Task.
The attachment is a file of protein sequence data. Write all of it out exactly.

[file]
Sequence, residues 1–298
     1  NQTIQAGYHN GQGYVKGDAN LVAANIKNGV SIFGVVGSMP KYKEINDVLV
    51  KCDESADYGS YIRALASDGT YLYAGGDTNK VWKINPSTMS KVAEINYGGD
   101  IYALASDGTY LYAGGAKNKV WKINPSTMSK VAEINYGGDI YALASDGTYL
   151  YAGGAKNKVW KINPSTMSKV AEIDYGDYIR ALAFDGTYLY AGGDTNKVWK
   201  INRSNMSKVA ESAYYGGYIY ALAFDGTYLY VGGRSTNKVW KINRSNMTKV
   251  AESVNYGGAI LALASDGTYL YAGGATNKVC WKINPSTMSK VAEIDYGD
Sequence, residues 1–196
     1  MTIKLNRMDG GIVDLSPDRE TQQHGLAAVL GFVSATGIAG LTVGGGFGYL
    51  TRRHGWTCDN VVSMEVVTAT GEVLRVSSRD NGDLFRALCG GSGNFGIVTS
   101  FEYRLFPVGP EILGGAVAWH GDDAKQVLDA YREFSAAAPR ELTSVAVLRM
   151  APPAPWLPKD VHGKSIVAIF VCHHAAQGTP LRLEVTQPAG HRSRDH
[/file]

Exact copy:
Sequence, residues 1–298
     1  NQTIQAGYHN GQGYVKGDAN LVAANIKNGV SIFGVVGSMP KYKEINDVLV
    51  KCDESADYGS YIRALASDGT YLYAGGDTNK VWKINPSTMS KVAEINYGGD
   101  IYALASDGTY LYAGGAKNKV WKINPSTMSK VAEINYGGDI YALASDGTYL
   151  YAGGAKNKVW KINPSTMSKV AEIDYGDYIR ALAFDGTYLY AGGDTNKVWK
   201  INRSNMSKVA ESAYYGGYIY ALAFDGTYLY VGGRSTNKVW KINRSNMTKV
   251  AESVNYGGAI LALASDGTYL YAGGATNKVC WKINPSTMSK VAEIDYGD
Sequence, residues 1–196
     1  MTIKLNRMDG GIVDLSPDRE TQQHGLAAVL GFVSATGIAG LTVGGGFGYL
    51  TRRHGWTCDN VVSMEVVTAT GEVLRVSSRD NGDLFRALCG GSGNFGIVTS
   101  FEYRLFPVGP EILGGAVAWH GDDAKQVLDA YREFSAAAPR ELTSVAVLRM
   151  APPAPWLPKD VHGKSIVAIF VCHHAAQGTP LRLEVTQPAG HRSRDH